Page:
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FAQ (8275B)

      1 ## Why does st not handle utmp entries?
      3 Use the excellent tool of [utmp]( for this task.
      5 ## Some _random program_ complains that st is unknown/not recognised/unsupported/whatever!
      7 It means that st doesn’t have any terminfo entry on your system. Chances are
      8 you did not `make install`. If you just want to test it without installing it,
      9 you can manually run `tic -sx`.
     11 ## Nothing works, and nothing is said about an unknown terminal!
     13 * Some programs just assume they’re running in xterm i.e. they don’t rely on
     14   terminfo. What you see is the current state of the “xterm compliance”.
     15 * Some programs don’t complain about the lacking st description and default to
     16   another terminal. In that case see the question about terminfo.
     18 ## How do I scroll back up?
     20 Using a terminal multiplexer.
     22 * `st -e tmux` using C-b [
     23 * `st -e screen` using C-a ESC
     25 ## Why doesn't the Del key work in some programs?
     27 Taken from the terminfo manpage:
     29 	If the terminal has a keypad that transmits codes when the keys
     30 	are pressed, this information can be given. Note that it is not
     31 	possible to handle terminals where the keypad only works in
     32 	local (this applies, for example, to the unshifted HP 2621 keys).
     33 	If the keypad can be set to transmit or not transmit, give these
     34 	codes as smkx and rmkx. Otherwise the keypad is assumed to
     35 	always transmit.
     37 In the st case smkx=E[?1hE= and rmkx=E[?1lE>, so it is mandatory that
     38 applications which want to test against keypad keys send these
     39 sequences.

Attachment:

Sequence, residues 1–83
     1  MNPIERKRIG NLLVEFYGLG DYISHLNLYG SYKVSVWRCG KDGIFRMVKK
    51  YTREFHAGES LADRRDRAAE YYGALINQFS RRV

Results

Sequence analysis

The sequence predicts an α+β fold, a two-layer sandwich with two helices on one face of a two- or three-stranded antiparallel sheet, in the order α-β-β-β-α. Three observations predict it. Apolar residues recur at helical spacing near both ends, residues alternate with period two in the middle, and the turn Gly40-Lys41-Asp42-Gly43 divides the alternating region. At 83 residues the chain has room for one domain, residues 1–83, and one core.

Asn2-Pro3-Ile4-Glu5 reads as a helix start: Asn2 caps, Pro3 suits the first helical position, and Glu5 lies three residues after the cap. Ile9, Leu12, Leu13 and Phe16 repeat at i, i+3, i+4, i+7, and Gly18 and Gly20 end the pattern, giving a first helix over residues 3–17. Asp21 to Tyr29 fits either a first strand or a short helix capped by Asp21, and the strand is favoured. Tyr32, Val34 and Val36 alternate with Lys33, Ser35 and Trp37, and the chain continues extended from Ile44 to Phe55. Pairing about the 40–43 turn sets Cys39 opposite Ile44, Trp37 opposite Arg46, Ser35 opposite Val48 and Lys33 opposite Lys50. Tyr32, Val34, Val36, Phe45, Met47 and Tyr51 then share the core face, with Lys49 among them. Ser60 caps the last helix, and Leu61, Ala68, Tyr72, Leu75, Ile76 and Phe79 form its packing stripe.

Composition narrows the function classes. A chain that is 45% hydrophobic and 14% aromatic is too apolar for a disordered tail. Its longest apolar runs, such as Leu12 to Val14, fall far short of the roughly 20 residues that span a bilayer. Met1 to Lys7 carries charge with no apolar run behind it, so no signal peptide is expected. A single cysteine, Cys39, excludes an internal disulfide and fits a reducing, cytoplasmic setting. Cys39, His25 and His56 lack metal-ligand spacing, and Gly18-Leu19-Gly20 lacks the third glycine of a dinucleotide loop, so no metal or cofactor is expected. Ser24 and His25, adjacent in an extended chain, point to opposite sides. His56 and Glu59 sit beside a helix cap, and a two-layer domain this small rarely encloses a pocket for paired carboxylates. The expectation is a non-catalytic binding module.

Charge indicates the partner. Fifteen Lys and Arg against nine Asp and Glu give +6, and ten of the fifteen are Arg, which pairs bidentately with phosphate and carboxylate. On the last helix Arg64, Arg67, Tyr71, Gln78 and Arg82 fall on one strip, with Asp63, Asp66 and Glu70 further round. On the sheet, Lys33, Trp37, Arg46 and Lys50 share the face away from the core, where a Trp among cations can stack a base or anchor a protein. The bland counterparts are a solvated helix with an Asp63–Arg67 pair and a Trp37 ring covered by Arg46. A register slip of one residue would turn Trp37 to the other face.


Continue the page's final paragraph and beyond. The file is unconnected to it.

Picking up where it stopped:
41 But buggy applications (like bash and irssi, for example) don't do this. A fast
     42 solution for them is to use the following command:
     44 	$ printf '\033[?1h\033=' >/dev/tty
     46 or
     47 	$ tput smkx
     49 In the case of bash, readline is used. Readline has a different note in its
     50 manpage about this issue:
     52 	enable-keypad (Off)
     53 		When set to On, readline will try to enable the
     54 		application keypad when it is called. Some systems
     55 		need this to enable arrow keys.
     57 Adding this option to your .inputrc will fix the keypad problem for all
     58 applications using readline.
     60 If you are using zsh, then read the zsh FAQ
     61 <>:
     63 	It should be noted that the O / [ confusion can occur with other keys
     64 	such as Home and End. Some systems let you query the key sequences
     65 	sent by these keys from the system's terminal database, terminfo.
     66 	Unfortunately, the key sequences given there typically apply to the
     67 	mode that is not the one zsh uses by default (it's the "application"
     68 	mode rather than the "raw" mode). Explaining the use of terminfo is
     69 	outside of the scope of this FAQ, but if you wish to use the key
     70 	sequences given there you can tell the line editor to turn on
     71 	"application" mode when it starts and turn it off when it stops:
     73 		function zle-line-init () { echoti smkx }
     74 		function zle-line-finish () { echoti rmkx }
     75 		zle -N zle-line-init
     76 		zle -N zle-line-finish
     78 Putting these lines into your .zshrc will fix the problems.
     80 ## How can I use meta in 8bit mode?
     82 St supports meta in 8bit mode, but the default terminfo entry doesn't
     83 use this capability. If you want it, you have to use the 'st-meta' value
     84 in TERM.
     86 ## I cannot compile st in OpenBSD
     88 OpenBSD lacks librt, despite it being mandatory in POSIX
     89 <>.
     90 If you want to compile st for OpenBSD you have to remove -lrt from, and
     91 st will compile without any loss of functionality, because all the functions are
     92 included in libc on this platform.
     94 ## The Backspace Case
     96 St is emulating the Linux way of handling backspace being delete and delete being
     97 backspace.
     99 This is an issue that was discussed in suckless mailing list
    100 <>. Here is why some old grumpy
    101 terminal users wants its backspace to be how he feels it:
    103 	Well, I am going to comment why I want to change the behaviour
    104 	of this key. When ASCII was defined in 1968, communication
    105 	with computers was done using punched cards, or hardcopy